The latest on dietary cholesterol

It seems like a no-brainer that eating cholesterol would result in having more cholesterol in your bloodstream. But surprisingly, for most people dietary cholesterol is not the strongest driver of blood lipid levels. However, there are some people whose bodies are unusually susceptible to converting dietary cholesterol into circulating cholesterol. We call such people “responders.” Unfortunately, there’s no way to know whether or not you’re a responder except through trial and error. When responders stop eating foods high in cholesterol, their blood levels drop.

Certainly if you know you have high cholesterol, and especially if you have cardiovascular disease, you’ll want to limit the amount of cholesterol you take in through diet. Foods to avoid with high cholesterol include eggs, butter, and processed meats. Note, though, that experts now say people with normal cholesterol levels may eat an egg a day without worrying about it causing their cholesterol levels to rise.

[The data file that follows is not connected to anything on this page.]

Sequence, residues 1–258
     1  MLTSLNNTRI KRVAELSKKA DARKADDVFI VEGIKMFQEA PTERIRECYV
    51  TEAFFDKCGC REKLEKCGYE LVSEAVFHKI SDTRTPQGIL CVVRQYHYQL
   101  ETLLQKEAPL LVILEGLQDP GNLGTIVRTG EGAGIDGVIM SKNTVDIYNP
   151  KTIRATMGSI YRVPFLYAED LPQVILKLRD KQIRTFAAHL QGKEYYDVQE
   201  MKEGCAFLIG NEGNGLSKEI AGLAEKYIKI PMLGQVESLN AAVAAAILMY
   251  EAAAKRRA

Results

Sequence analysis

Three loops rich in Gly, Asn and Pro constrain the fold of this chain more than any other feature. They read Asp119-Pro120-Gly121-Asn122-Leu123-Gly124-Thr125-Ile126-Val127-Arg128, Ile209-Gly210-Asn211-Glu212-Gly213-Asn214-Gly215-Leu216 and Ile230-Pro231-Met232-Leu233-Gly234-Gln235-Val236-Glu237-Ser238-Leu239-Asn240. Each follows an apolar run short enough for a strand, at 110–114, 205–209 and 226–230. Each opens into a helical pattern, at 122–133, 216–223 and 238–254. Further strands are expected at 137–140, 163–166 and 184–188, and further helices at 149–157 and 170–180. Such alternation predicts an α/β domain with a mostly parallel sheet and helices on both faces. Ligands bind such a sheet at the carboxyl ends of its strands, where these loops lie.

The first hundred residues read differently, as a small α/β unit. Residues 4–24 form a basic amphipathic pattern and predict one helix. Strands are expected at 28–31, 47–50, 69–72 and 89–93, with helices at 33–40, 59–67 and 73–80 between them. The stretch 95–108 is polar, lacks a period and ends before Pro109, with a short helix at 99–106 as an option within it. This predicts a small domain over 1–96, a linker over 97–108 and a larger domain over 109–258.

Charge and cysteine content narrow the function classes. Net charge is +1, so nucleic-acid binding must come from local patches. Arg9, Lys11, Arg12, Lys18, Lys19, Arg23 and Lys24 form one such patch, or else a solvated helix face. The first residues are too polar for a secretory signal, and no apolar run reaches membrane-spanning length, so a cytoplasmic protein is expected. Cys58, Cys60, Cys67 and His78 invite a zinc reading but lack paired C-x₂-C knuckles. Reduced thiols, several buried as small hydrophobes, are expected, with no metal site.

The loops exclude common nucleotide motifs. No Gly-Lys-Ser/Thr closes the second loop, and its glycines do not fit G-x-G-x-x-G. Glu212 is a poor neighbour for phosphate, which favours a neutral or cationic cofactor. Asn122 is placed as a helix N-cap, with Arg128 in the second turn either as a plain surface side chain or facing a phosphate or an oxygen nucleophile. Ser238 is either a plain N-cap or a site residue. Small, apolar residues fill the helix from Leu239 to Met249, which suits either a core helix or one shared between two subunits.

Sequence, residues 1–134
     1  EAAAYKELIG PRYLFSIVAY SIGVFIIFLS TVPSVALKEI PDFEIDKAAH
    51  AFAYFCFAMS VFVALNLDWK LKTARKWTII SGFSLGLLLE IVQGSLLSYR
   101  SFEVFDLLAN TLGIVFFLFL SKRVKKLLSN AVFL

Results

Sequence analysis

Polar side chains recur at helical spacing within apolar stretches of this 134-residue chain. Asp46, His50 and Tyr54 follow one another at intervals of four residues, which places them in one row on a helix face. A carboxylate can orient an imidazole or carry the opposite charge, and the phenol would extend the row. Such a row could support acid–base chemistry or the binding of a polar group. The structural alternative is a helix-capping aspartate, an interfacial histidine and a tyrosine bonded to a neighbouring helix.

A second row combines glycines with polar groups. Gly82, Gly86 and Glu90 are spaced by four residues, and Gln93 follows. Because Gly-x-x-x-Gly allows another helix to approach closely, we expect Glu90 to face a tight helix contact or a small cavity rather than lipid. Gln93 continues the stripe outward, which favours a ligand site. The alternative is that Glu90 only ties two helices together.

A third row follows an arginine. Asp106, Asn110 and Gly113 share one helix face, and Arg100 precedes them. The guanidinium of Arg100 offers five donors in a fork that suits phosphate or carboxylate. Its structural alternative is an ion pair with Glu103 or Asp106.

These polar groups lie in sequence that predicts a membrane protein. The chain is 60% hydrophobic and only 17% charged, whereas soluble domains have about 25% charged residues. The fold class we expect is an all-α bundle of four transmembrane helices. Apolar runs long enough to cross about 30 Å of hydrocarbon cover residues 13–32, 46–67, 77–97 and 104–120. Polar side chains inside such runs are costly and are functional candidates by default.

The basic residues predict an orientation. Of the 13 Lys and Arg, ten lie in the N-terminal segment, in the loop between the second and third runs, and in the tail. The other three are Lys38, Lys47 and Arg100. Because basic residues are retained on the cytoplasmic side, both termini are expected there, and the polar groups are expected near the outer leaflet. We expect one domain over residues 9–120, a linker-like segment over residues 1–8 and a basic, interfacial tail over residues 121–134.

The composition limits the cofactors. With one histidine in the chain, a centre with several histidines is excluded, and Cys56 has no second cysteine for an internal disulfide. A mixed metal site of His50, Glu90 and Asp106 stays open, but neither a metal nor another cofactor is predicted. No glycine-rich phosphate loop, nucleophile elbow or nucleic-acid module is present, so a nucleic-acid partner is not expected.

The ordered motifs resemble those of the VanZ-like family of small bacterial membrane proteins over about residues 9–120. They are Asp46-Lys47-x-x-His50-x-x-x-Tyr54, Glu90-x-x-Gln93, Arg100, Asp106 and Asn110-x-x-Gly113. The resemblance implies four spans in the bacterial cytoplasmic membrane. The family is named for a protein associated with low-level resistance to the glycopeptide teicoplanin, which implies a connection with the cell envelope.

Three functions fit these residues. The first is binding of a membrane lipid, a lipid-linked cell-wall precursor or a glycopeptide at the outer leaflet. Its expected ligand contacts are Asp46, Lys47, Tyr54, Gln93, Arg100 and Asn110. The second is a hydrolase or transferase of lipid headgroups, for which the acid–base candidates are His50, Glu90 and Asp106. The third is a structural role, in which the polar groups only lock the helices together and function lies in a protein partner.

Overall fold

But there’s another reason for all of us to pay attention to the amount of cholesterol in a food…Very often, foods high in cholesterol are also high in saturated fats, which are a key driver of increased blood cholesterol (Eggs, along with shellfish, are an exception. Both are high in cholesterol but not in saturated fat, which is what makes them safe for most people).

How saturated fats raise cholesterol

The liver doesn’t just produce cholesterol in the human body, it also traps and disposes of circulating LDL (“bad cholesterol”). When we consume saturated fats, which come from animal products, we’re introducing substances that effectively tell the organ to stop clearing LDL out of the blood. Someone who eats a diet high in animal fats (especially if they also consume a lot of sugars and carbohydrates) is likely to see their lipid levels go up and up.